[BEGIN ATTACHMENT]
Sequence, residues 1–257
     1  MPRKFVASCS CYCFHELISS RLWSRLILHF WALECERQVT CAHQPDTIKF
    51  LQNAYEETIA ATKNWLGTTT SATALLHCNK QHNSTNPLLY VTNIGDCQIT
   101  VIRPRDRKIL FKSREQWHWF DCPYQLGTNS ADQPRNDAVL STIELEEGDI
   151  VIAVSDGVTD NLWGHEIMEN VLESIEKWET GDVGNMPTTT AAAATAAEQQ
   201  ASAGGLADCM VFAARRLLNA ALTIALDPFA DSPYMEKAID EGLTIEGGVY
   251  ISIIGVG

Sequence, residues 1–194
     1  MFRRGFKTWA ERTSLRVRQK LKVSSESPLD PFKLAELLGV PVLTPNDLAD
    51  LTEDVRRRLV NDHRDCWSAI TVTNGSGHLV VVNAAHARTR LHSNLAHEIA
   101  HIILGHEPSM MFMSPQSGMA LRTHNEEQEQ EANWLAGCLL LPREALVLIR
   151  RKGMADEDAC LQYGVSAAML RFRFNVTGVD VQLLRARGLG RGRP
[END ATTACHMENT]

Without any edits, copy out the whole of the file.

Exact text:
Sequence, residues 1–257
     1  MPRKFVASCS CYCFHELISS RLWSRLILHF WALECERQVT CAHQPDTIKF
    51  LQNAYEETIA ATKNWLGTTT SATALLHCNK QHNSTNPLLY VTNIGDCQIT
   101  VIRPRDRKIL FKSREQWHWF DCPYQLGTNS ADQPRNDAVL STIELEEGDI
   151  VIAVSDGVTD NLWGHEIMEN VLESIEKWET GDVGNMPTTT AAAATAAEQQ
   201  ASAGGLADCM VFAARRLLNA ALTIALDPFA DSPYMEKAID EGLTIEGGVY
   251  ISIIGVG

Sequence, residues 1–194
     1  MFRRGFKTWA ERTSLRVRQK LKVSSESPLD PFKLAELLGV PVLTPNDLAD
    51  LTEDVRRRLV NDHRDCWSAI TVTNGSGHLV VVNAAHARTR LHSNLAHEIA
   101  HIILGHEPSM MFMSPQSGMA LRTHNEEQEQ EANWLAGCLL LPREALVLIR
   151  RKGMADEDAC LQYGVSAAML RFRFNVTGVD VQLLRARGLG RGRP